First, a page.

According to Kotler, the law “does not target religious practice; its sole purpose is to prevent discrimination, and it applies equally to all places of public accommodation, save for those specifically exempted as distinctly private or a religious corporation organised under the education or religious law.”
The judge disputed the university’s claims by noting that some of Yeshiva’s graduate schools permit LGBTQ groups and that the challengers sought “equal access” and that the institution “need not make a statement promoting a specific perspective.”
The university contends in court documents submitted to the Supreme Court that the lower court’s ruling represents an “unprecedented intrusion into Yeshiva’s church autonomy” and that, as a “deeply religious Jewish university,” it is unable to comply with the ruling because doing so would go against its sincere religious beliefs about how to instil Torah values in its undergraduate students.”
Yeshiva’s attorneys from the Becket Fund for Religious Liberty.
The lower court’s ruling, according to Yeshiva’s attorneys from the Becket Fund for Religious Liberty, is an “unprecedented” interference with the university’s religious practises and a blatant violation of the university’s First Amendment rights.
Before the court took a decision, Ari Berman, the president of Yeshiva University, released a statement in which he stated that “the Torah influences everything that we do at Yeshiva—from how we teach students to how we administer our dining halls to how we structure our campus.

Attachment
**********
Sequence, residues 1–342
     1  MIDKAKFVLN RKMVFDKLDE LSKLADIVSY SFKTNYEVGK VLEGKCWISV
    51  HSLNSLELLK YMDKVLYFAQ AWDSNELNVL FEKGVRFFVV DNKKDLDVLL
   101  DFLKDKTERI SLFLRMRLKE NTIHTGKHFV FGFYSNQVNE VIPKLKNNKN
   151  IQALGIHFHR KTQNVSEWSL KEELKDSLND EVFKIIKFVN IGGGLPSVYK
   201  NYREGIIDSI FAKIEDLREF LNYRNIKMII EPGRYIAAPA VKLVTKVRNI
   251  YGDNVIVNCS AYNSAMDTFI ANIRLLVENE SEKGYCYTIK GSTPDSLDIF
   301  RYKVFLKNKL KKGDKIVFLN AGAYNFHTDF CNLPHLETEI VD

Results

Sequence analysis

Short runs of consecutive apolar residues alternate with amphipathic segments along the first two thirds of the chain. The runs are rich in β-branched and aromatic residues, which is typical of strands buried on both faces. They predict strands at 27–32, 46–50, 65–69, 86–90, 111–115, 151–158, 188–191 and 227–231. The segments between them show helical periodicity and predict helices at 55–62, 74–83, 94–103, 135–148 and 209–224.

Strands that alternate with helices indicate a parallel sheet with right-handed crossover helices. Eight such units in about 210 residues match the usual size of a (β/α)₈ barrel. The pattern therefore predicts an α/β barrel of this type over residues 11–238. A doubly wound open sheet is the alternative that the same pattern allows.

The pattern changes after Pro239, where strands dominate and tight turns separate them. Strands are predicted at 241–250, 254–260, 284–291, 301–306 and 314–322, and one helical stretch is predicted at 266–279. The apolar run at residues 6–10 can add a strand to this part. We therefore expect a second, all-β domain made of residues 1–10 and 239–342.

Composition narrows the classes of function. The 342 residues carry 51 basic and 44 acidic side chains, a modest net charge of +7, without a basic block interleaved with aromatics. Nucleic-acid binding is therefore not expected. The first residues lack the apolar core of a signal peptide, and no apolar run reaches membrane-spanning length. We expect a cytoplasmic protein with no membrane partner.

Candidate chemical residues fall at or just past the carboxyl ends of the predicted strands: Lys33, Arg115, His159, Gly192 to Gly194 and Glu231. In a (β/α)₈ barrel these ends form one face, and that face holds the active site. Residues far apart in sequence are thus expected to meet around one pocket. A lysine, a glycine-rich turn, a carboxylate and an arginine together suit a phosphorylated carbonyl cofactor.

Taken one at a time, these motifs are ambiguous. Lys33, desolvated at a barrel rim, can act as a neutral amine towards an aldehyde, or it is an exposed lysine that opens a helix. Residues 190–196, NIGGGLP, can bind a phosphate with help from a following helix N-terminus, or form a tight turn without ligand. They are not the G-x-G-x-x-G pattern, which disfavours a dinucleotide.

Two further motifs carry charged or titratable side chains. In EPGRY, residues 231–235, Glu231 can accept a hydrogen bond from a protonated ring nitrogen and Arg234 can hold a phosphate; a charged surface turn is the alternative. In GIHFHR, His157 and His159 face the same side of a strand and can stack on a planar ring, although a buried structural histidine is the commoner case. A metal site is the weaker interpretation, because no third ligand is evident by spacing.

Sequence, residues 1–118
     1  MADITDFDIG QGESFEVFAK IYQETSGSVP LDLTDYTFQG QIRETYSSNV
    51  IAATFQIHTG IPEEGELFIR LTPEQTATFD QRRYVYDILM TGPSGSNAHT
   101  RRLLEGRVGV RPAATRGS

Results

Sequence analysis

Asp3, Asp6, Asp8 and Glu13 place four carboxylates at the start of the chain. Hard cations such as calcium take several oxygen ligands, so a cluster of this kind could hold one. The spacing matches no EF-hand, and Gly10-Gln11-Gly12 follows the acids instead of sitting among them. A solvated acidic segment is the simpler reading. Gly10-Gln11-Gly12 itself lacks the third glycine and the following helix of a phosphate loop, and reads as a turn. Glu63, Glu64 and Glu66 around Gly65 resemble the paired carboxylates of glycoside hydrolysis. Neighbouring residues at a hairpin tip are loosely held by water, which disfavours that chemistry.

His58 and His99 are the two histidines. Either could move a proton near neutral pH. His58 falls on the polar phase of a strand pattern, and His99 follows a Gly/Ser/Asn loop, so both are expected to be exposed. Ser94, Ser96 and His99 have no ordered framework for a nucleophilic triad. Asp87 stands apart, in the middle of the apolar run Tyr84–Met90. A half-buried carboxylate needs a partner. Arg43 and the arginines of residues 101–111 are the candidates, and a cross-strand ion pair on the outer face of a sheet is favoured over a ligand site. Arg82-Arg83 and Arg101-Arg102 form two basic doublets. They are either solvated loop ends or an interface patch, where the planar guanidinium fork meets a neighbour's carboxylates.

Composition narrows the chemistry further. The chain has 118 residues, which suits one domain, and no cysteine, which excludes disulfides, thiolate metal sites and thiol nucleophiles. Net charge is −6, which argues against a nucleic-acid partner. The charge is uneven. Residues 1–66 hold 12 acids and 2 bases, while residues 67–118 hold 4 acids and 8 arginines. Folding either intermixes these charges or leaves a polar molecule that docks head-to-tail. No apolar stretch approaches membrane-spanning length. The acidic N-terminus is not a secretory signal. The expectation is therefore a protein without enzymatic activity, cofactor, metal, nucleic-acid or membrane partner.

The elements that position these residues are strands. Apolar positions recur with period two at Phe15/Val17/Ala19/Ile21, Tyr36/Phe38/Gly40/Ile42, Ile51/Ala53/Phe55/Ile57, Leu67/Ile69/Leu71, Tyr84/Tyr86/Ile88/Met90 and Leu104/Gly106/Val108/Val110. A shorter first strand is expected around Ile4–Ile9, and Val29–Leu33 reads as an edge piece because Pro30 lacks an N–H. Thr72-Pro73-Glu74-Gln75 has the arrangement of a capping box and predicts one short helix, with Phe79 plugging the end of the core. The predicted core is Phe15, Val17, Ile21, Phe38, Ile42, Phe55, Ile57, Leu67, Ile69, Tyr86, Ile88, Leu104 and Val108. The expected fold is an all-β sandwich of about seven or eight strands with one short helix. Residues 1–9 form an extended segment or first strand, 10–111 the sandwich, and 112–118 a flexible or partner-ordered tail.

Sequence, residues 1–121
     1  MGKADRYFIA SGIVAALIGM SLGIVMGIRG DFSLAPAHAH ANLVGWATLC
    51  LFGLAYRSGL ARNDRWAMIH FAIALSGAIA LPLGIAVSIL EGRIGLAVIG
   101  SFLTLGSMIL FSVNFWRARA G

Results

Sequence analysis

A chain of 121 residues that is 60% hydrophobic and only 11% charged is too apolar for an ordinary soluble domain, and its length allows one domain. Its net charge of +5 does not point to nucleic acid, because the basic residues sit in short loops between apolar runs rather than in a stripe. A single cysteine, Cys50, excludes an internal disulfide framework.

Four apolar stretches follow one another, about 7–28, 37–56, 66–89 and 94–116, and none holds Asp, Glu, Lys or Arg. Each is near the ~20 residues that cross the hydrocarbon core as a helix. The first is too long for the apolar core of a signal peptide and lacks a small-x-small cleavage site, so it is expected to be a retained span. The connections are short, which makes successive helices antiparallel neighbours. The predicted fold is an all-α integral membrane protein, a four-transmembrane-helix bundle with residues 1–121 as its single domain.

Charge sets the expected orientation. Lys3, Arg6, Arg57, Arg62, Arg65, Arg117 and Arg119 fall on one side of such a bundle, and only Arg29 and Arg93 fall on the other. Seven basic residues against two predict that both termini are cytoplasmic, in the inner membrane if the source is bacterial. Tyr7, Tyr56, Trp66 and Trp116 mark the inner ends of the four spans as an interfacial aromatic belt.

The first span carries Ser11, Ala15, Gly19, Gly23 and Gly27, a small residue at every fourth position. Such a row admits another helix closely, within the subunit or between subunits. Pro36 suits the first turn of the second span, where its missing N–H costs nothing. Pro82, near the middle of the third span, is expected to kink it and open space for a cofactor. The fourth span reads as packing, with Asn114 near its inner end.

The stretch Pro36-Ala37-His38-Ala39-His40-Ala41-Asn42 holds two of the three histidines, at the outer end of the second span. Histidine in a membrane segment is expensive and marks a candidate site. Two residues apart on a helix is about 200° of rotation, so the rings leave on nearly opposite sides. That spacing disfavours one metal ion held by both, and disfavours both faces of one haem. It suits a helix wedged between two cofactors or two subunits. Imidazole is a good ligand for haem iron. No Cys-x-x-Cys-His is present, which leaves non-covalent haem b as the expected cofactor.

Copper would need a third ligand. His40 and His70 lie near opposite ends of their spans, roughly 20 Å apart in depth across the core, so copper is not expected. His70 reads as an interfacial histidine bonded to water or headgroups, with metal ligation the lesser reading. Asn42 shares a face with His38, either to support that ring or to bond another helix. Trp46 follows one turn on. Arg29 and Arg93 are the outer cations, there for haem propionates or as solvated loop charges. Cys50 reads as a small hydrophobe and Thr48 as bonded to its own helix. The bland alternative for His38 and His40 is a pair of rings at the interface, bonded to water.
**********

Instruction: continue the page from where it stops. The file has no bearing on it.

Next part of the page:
” We continue to have fruitful conversations with our Rabbis, professors, and students about how we might apply our Torah values to foster an inclusive campus community because we care profoundly about and embrace all of our students, including our LGBTQ students. We merely request that the authorities provide us freedom.
It was premature for the Supreme Court to intervene now, according to a lawyer representing the current and former Yeshiva students who brought the challenge and won in the lower court, because New York appellate courts have not yet made a decision on the merits and the state law issue has not been fully settled.
In court documents, attorney Katherine Rosenfeld argued to the justices that the applicants “not only skip the entire state appellate process, but they also press the Court to address both novel and important First Amendment questions on a rocket docket without the benefit of full briefing or oral argument.”
“This decision has no bearing on the Yeshiva University’s long-standing ability…”
The lower court’s decision “simply mandates,” according to Rosenfeld, that the institution gives the “Pride Alliance” access to the same resources and privileges as its “87 other recognised student clubs.”
According to Rosenfeld, “This decision has no bearing on the Yeshiva University’s long-standing ability to express to all students its truly held convictions about Torah values and sexual orientation.”
In an interview with CNN, Jillian Weinberg, a student at Yeshiva University’s Ferkauf Graduate School of Psychology, said that Ferkauf recognises LGBTQ organisations even if Yeshiva University’s undergraduate school does not.
Faculty and students at Yeshiva Ferkauf “are concerned about the harm that President Ari Berman’s actions would do to the emotional health and well-being of LGBTQIA+ students and faculty,” the spokesperson stated.
School administrators petitioned the New York Supreme Court after the New York Court of Appeals agreed to hear an appeal of the decision this fall but refused to stay the trial court’s decision.